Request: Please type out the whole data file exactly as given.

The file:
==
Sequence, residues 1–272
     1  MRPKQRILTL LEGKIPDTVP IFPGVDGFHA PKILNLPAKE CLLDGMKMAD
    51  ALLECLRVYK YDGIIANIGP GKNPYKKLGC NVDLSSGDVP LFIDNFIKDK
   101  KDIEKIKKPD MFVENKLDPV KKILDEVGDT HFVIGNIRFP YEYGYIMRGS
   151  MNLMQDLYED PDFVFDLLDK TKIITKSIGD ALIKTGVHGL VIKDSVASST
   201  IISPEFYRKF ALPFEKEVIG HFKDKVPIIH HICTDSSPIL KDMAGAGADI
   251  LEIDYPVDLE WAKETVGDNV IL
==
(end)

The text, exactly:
Sequence, residues 1–272
     1  MRPKQRILTL LEGKIPDTVP IFPGVDGFHA PKILNLPAKE CLLDGMKMAD
    51  ALLECLRVYK YDGIIANIGP GKNPYKKLGC NVDLSSGDVP LFIDNFIKDK
   101  KDIEKIKKPD MFVENKLDPV KKILDEVGDT HFVIGNIRFP YEYGYIMRGS
   151  MNLMQDLYED PDFVFDLLDK TKIITKSIGD ALIKTGVHGL VIKDSVASST
   201  IISPEFYRKF ALPFEKEVIG HFKDKVPIIH HICTDSSPIL KDMAGAGADI
   251  LEIDYPVDLE WAKETVGDNV IL